Chokecherry Cordial

Chokecherry cordialThis morning I tasted the chokecherry cordial that’s been brewing in my fridge for the past three or four months, pronounced it completely awesome, and set about straining and bottling the first batch and starting another.

Last fall, after harvesting a couple gallons of chokecherries, I made a large amount of juice that I thought I might make into jelly.  Everyone had told me the berries were way too sour to ingest without a generous lacing of sugar, but when I tasted that juice, it wasn’t that sour at all.

Instead of making the juice into jelly, as I’d planned, we just drank the juice straight up (and discovered that doing so is akin to eating large amounts of cheese in terms of what it does to the digestive tract). The rest of the cherries were washed, bagged, and frozen in the following ratio: 3 cups cherries to one cup sugar.

A few months ago, I took a bag of those cherries out of the freezer and crammed them into a bottle (using a funnel and a chopstick), covering them with vodka.  Every once in awhile I’d shake the bottle, and eventually the liquid turned a deep reddish-purple color.

I’m somewhat concerned about the inclusion of the pits in this preparation–they do have trace amounts of cyanide (like peach pits and apple seeds), and I’m wondering if that will be a problem since I soaked the fruits whole in the vodka.

All the information I’ve read about the pits is that you’re safe as long as you don’t cook or crush the pits or consume them in large amounts–but alcohol is a strong extractive agent.  Still, I think serving the cordial in small amounts should be OK–and a small amount is really all you need!

As always, I’m happy to test my own recipes on myself–and this one is both gorgeous and delicious!  I may start making other kinds of cordials based on what fruits are in season (for home consumption only, of course), and once I get through this bottle of Smirnoff, I can switch to Still 173’s local vodka and rum for the base.

8 responses to this post.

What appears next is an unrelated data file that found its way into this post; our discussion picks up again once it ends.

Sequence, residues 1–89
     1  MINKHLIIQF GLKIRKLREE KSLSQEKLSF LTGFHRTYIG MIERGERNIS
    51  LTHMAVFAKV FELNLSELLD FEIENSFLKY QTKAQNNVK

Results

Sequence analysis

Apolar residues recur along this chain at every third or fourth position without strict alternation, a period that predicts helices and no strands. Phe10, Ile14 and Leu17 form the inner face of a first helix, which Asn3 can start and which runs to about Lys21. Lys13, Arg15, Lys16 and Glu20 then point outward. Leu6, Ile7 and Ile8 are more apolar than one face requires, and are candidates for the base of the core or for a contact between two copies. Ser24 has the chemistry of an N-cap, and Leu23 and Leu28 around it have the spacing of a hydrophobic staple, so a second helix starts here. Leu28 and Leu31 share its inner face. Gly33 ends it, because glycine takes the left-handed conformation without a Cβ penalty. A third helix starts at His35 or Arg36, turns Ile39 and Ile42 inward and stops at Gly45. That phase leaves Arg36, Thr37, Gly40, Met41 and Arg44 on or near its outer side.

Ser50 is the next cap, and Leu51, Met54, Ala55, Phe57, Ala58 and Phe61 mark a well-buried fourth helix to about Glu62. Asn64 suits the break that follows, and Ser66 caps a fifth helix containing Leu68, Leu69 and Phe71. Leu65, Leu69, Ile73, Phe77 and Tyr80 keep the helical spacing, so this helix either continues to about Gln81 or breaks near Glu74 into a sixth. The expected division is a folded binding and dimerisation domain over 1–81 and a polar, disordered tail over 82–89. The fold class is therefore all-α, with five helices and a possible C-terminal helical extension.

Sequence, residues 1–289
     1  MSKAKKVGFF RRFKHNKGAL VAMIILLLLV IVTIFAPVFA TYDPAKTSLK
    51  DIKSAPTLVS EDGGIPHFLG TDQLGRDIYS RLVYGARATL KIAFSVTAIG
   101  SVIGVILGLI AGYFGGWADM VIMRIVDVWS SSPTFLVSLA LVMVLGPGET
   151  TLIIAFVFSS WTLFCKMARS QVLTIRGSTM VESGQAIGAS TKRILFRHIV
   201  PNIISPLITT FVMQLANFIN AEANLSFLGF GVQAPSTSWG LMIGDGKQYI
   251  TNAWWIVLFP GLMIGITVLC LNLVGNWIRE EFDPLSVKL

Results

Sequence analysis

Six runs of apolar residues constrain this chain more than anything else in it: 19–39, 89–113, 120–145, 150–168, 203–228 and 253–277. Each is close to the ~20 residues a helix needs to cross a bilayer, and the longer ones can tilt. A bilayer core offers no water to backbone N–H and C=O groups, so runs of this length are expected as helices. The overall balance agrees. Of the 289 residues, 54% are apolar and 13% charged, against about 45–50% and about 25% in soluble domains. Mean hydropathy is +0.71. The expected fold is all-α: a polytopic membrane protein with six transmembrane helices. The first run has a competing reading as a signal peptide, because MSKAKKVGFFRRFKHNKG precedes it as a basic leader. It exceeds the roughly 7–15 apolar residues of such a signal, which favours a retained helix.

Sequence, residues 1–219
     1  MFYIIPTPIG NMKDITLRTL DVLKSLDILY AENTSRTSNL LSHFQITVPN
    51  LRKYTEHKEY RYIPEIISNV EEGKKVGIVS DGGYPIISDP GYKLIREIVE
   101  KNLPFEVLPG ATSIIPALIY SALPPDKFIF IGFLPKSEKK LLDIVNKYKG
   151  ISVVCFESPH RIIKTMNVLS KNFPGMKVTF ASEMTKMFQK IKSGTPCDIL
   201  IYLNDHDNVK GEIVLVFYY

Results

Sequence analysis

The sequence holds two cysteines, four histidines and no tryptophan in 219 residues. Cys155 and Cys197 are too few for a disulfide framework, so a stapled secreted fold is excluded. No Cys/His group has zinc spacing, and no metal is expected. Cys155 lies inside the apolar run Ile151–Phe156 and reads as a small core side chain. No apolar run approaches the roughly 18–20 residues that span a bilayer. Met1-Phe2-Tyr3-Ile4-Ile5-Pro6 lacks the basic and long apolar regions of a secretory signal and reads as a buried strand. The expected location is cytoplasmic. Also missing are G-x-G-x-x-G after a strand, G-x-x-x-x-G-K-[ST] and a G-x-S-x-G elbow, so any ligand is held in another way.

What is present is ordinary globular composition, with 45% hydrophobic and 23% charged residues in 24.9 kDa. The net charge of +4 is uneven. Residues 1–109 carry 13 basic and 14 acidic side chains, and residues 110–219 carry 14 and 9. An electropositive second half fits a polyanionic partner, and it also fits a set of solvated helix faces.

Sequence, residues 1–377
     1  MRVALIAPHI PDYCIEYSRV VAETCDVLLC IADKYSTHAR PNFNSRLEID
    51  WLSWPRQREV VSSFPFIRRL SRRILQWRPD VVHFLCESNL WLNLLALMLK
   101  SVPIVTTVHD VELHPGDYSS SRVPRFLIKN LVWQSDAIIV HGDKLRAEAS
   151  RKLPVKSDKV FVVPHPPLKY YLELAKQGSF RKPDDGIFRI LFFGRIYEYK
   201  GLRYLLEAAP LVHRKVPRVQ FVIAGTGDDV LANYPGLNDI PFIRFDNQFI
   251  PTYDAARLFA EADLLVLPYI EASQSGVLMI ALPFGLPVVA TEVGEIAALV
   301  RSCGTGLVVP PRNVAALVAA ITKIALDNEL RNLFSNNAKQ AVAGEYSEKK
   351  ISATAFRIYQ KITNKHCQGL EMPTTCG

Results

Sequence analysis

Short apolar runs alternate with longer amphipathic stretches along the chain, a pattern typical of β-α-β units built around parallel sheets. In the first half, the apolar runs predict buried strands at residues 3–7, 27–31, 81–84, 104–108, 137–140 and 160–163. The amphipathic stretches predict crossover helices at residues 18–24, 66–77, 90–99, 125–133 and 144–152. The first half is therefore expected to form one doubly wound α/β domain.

1. Posted by Christina Walter on May 25, 2009 at 6:32 pm

    Thanks for the recipe and the link to homegrown vodka!

  2. LOL Smirnoff for experimental purposes… move onto better stuff when ready! Really enjoyed this – my wife likes a vodka martini but she’s going to have to give something like this a try.

    I second Christina’s thanks for the homegrown link!

  3. Posted by Katie Wallace on August 17, 2009 at 10:41 am

    Wondering if you think this would work with just the juice and the vodka together? I’ve already gone ahead and boiled the chokecherries in water and strained them out to get great looking juice. BUT, I have so much jelly already made that I’m wanting to use the juice for something else. Anything tried and true for you?

  4. Posted by flyingtomato on August 18, 2009 at 5:37 pm

    It might work to just use juice and vodka, but it wouldn’t be sweet like a cordial. I would add at least a little sweetener of some kind.

  5. Posted by Colette Goetz on August 21, 2009 at 8:02 pm

    My recipe for chokecherry cordial is as follows..
    4 to 41/2 cups chokecherries
    2 cups sugar
    1 fifth of vodka
    Place in a gallon jar, shake or
    stir several times a day for 2 or 3 days until
    sugar is dissolved.
    Put in dark place for 3 months.
    Strain and bottle
    It is definitely worth the wait.

  6. Posted by Adelia Herndon on April 3, 2011 at 5:53 pm

    The last post was Aug 2009….so did the trace cyanide adversely affect you?

  7. Posted by B.M. Dow on August 30, 2011 at 11:35 am

    If you don’t crush the seeds there will be no problems with the trace amount of cyanide. Also, fyi according to the USDA cooking or drying the seeds neutralizes it. Native Americans used crushed chokecherries in their pemmican.

  8. Posted by mark menager on August 24, 2012 at 8:28 am

    I have used Chokecherry syrup since I was a kid and it never bothered me.

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